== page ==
The foreign novices use part of their time in the novitiate to improve their Italian. Once a week they have Italian lessons with Maria Stella Rollandi. She was a professor of history of economics at the University of Genoa.
How did you meet the Jesuits?
I met Father Lorenzo Giordano, a friend of my parents, who baptised my two children. Since then I have followed the history of the Society more closely and this led me to enrol my children, Giovanni and Elena, at Istituto Arecco (the Jesuit school of Genoa). I have had the opportunity to get to know many different Jesuits. From Father Giovanni Bosco Dalle Lucche, Latinist and attentive to the problems of young people, to Father Vincenzo De Mari, who gave seminars on biblical exegesis, to listening to Father Kolvenbach (editor’s note: general of the order 1983-2008) when he came to Genoa. From each meeting I drew richness and support for my own life path.
Is there an aspect of the Society of Jesus that you particularly appreciate?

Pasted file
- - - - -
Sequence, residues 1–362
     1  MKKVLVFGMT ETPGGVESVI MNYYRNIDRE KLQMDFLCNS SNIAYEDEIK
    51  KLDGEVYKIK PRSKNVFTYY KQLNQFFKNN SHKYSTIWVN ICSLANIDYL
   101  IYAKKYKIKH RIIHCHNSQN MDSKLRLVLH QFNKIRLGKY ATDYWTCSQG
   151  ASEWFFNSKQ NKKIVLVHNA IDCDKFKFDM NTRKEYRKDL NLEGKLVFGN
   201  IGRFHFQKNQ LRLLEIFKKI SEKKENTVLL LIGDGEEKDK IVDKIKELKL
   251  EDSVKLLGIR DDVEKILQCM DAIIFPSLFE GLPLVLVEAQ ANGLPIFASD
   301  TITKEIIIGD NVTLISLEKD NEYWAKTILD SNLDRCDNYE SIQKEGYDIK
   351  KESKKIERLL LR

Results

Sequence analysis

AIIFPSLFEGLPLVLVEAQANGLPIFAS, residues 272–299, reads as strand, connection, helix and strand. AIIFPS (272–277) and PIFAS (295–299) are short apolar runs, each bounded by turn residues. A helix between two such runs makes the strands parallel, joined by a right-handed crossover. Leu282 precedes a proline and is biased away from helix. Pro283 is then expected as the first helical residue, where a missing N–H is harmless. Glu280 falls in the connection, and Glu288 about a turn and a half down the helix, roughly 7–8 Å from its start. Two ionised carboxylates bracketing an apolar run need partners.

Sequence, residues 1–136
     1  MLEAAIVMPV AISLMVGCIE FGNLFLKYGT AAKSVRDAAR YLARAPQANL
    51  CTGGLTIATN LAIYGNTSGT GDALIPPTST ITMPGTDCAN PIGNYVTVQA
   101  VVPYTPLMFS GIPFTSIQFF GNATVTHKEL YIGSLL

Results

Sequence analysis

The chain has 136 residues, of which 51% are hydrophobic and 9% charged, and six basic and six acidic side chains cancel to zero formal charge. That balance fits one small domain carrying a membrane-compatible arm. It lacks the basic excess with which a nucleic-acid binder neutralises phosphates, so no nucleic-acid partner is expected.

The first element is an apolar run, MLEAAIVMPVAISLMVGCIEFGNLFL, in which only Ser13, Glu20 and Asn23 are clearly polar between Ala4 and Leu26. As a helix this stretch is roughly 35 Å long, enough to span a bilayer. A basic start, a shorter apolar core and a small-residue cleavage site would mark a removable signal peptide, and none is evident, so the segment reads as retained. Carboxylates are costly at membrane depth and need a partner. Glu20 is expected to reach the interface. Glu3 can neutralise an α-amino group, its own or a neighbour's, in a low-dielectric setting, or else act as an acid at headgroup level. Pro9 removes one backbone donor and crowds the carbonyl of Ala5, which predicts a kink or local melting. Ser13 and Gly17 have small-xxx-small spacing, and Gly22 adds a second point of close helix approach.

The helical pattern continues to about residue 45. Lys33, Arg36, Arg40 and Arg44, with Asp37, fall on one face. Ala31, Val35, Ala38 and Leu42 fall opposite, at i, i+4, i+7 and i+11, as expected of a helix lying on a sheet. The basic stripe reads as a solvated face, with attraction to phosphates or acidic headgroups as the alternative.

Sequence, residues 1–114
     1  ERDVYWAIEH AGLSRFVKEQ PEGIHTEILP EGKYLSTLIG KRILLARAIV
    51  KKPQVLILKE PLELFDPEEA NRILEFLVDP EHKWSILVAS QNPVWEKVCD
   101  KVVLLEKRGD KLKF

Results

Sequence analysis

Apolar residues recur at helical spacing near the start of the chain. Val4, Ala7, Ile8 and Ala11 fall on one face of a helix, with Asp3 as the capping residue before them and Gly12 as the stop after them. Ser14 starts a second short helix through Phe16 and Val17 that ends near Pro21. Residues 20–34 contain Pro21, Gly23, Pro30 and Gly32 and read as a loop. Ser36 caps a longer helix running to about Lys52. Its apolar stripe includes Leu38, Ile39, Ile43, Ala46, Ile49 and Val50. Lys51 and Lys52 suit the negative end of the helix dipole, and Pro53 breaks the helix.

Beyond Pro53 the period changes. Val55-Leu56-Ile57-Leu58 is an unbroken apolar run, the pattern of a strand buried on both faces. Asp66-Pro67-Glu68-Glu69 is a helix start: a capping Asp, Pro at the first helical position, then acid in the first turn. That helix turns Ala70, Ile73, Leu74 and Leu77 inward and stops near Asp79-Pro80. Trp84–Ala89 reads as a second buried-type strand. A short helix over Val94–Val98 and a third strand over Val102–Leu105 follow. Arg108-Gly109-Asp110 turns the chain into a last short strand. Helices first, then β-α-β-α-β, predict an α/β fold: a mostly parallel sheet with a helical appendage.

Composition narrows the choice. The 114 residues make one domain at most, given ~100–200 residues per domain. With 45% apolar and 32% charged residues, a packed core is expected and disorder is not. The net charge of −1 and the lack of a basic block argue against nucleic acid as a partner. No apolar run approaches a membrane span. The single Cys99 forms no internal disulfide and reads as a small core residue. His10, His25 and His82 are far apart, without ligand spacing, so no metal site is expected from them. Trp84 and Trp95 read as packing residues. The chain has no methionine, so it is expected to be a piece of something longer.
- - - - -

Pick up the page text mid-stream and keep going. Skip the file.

I greatly appreciate the international approach and the respect for other cultures, for different languages. It is a characteristic that has always struck me and encouraged me to study it. Certainly the history of the Society is very composite, and over the centuries it has also taken on policies of great intolerance that have perhaps favoured the spread of a feeling of mistrust towards it. A Jesuit father one day, with a bit of irony, commented on some points of the entry “Jesuit” and “Jesuitism” in the Zingarelli dictionary. However, I do believe that the international outlook, the world view of Saints Ignatius and Francis Xavier have also allowed the Society to renew itself internally and to effectively maintain an openness to the other.
What do you wish the novices for their future in the Society?
I am struck by the heterogeneity of their personal paths and, at the same time, by the seriousness and dedication with which they face their call. I have a deep respect for these people.
I wish them to keep their vocation pure and their search constant.
Can you share with us a desolation you have received recently?
My two children live far away and, also because of covid19, I have to overcome great loneliness and the impossibility of giving them support. After so many years of teaching in a stimulating and lively department such as Economics, the lack of activity and less contact with young people make the last segment of my life more difficult.
Can you share with us one consolation you have received in this last period?
Being in good health and being able to continue on a path of research.